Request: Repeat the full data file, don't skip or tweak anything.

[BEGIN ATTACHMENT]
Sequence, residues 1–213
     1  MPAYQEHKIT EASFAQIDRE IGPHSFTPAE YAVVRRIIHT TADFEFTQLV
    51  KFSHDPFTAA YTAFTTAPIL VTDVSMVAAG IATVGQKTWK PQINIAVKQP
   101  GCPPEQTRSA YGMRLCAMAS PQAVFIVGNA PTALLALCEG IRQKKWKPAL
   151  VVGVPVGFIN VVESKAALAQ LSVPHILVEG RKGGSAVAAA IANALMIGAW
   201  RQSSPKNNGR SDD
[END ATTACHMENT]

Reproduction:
Sequence, residues 1–213
     1  MPAYQEHKIT EASFAQIDRE IGPHSFTPAE YAVVRRIIHT TADFEFTQLV
    51  KFSHDPFTAA YTAFTTAPIL VTDVSMVAAG IATVGQKTWK PQINIAVKQP
   101  GCPPEQTRSA YGMRLCAMAS PQAVFIVGNA PTALLALCEG IRQKKWKPAL
   151  VVGVPVGFIN VVESKAALAQ LSVPHILVEG RKGGSAVAAA IANALMIGAW
   201  RQSSPKNNGR SDD